I’ve been lazy about writing (and mostly tired all the time).
En route to Damascus, I passed through the Grayson Highlands – of which I had no memory of from 2003 for some reason. It’s a beautiful area; full of wild ponies and great views. I can only assume it was foggy when we passed through before.
A few miles out from Damascus I finally crossed out of Virginia and in to Tennessee. TN impressed with some charming pastoral scenes, but lost points for the absence of privies at its shelters. My recent change to porridge and prunes for breakfast could have been timed better.
I got off trail at Hampton to start a four day vacation from hiking, much of which seemed to be spent driving up and down parallel to the trail on I-81. I got to celebrate two birthdays during my trailcation – meeting up with the gang for a surprise party for Woody and with Monica, who was over visiting a friend in DC. I took Monica on a birthday hike up McAfee’s Knob and then for dinner at the Homeplace restaurant to give her a sense of the Virginia AT experience.
Up at McAfee we bumped into the mythical SOBO bubble (~10 of them in a group, including a bunch of people I hadn’t seen since New England). We ended up slackpacking them a whole four miles to the restaurant. The smell of eight well-seasoned thruhiker packs crammed into a small car is not easily forgotten.
Back on trail, it turned out to be a very warm and dry autumn down through TN and NC, with temperatures around 30C in town and a little less up in the mountains. This made for sweaty work on the climbs. The highlight of this excellent section for me was the Roan Mountain area – somewhere that I remembered well from ’03. I went through on a weekend and was amazed by just how many people were out on the trails.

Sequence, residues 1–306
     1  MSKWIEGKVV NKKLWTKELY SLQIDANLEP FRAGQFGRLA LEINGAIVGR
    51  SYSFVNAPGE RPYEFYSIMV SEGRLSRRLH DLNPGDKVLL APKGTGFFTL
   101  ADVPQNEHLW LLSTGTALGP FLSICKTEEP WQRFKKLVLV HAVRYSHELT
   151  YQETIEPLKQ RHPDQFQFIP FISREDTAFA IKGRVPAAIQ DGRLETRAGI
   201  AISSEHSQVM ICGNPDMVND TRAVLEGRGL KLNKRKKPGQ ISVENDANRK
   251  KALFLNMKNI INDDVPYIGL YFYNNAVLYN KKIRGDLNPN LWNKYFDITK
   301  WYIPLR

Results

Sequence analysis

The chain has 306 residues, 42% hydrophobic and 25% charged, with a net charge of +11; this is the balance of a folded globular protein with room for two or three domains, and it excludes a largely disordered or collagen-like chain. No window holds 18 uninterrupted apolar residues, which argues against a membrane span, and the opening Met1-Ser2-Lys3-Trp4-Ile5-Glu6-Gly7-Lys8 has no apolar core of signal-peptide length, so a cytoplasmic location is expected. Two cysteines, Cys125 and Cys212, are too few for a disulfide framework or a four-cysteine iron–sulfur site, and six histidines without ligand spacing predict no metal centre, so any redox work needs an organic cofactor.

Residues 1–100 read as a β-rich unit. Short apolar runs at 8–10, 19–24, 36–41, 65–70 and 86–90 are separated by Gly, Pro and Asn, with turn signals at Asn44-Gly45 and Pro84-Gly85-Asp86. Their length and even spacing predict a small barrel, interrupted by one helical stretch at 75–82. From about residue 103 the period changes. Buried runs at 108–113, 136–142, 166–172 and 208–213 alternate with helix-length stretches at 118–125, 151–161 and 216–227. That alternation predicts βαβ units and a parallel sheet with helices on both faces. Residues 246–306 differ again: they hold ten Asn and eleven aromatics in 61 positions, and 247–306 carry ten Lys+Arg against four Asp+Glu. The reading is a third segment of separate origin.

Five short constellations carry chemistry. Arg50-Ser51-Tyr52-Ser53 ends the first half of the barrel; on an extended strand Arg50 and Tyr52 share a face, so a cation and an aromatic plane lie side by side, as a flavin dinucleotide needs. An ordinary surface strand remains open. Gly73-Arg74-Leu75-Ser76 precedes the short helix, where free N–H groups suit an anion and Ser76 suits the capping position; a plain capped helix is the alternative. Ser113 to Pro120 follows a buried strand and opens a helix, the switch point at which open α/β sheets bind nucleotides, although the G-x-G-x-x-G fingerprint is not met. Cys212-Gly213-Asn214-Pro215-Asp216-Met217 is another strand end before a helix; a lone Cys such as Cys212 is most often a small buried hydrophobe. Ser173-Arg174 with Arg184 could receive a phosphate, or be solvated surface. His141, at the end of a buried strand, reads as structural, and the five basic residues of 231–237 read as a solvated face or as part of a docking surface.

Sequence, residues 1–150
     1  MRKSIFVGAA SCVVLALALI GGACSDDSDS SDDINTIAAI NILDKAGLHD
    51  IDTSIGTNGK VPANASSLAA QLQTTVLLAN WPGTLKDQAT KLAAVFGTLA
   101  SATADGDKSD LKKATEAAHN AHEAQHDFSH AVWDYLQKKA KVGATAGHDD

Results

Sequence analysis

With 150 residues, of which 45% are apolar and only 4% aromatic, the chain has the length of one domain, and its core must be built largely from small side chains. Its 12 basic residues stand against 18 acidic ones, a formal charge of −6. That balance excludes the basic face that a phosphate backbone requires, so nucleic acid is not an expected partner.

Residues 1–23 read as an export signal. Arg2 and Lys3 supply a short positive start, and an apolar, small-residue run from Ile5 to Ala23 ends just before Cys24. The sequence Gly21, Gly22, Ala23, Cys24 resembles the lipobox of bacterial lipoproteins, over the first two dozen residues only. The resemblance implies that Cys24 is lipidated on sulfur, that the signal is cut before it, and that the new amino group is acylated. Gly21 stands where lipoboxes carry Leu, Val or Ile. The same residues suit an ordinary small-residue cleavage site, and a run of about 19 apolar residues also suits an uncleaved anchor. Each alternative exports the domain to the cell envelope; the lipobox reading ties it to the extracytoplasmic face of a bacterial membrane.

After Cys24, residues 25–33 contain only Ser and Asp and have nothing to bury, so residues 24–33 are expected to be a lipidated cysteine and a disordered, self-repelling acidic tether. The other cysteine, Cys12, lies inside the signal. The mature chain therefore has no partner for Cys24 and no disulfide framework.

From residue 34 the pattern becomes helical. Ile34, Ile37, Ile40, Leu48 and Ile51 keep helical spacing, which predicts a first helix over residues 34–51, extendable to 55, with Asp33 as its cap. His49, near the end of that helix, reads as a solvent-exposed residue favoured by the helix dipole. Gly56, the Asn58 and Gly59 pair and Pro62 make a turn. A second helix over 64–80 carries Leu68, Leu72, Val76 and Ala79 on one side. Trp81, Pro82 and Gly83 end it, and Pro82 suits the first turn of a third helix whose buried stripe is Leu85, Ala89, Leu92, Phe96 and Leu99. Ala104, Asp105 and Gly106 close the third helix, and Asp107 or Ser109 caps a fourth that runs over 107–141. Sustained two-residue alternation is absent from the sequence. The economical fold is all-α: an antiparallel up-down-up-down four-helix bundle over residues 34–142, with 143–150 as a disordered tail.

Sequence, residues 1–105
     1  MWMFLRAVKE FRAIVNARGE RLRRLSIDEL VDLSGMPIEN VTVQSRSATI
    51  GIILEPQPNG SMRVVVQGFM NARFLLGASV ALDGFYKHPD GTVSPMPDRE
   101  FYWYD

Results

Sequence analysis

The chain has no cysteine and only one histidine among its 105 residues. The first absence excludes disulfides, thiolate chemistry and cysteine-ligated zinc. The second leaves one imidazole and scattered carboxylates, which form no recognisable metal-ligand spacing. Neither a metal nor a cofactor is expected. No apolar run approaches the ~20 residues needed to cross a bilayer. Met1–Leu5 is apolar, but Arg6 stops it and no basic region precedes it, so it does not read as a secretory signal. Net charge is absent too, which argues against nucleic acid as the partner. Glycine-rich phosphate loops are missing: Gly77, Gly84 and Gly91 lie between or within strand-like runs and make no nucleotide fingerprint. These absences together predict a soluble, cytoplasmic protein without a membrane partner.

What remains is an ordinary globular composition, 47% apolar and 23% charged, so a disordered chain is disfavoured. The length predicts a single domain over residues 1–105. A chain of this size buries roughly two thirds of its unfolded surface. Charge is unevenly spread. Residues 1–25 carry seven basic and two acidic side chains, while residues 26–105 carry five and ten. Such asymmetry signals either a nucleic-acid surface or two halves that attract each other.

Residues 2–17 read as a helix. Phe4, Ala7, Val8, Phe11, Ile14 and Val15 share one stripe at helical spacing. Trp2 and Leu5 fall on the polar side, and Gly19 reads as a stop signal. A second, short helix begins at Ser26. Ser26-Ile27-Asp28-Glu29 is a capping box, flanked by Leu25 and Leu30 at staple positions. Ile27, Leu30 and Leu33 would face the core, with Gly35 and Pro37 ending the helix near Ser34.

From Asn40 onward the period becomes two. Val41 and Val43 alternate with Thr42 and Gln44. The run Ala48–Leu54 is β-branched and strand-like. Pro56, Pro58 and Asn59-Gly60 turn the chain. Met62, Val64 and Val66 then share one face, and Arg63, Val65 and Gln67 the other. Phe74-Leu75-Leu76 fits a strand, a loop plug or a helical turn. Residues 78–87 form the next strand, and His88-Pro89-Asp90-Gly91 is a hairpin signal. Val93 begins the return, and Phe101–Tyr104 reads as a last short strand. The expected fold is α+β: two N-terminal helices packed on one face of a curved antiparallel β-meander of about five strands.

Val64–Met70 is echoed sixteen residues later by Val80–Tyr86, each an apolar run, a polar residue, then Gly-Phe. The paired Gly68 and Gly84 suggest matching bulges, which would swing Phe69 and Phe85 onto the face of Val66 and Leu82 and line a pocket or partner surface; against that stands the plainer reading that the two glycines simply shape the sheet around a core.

The Smokies were also beautiful, but the (largely understandable) level of regulation in the park makes the experience somewhat less enjoyable for someone used to the freedom of camping at will. Billy rode up from Atlanta to hike the first half of the Smokies with me, and it was great to have the old team back together – even if it was only for 24 hours. We hadn’t sorted out a permit for Billy’s one night in the park and we got into a little trouble with a ranger on our way out. We were happy to make good on the $4 fee we’d missed, but could probably have done without the rather heavy-handed Leave No Trace lecture.
When we finally made it to Newfound Gap, Billy generously treated me to a stay in Gatlinburg and all the food I could eat. The town itself is a heaving tourist trap and a huge culture shock to someone who’s been on trail for months. Next morning I rode pillion for the 15 miles of switchbacks back to the trail. This was a nervy trip for me, but also a beautiful one – with the dawn breaking over the Smokies.
Since then I’ve been all on my lonesome, which has been fine, though I am rapidly running out of listening matter. The miles to Springer have been running down rapidly, but actually finishing is still an odd idea.
I’m currently in Hiawasse, my last town stop of the hike and less than 70 miles from the end. I’m planning to take this last section (relatively) slowly and try to savour the last of the trail. This would be a little easier to do if it wasn’t set to rain on me for the remainder of the trip. Still, given how lucky I’ve been with the weather so far, I hardly feel I can complain
In less than a week’s time I’ll be home and getting ready to return to the office. If that isn’t incentive enough to enjoy trail life then I don’t know what is.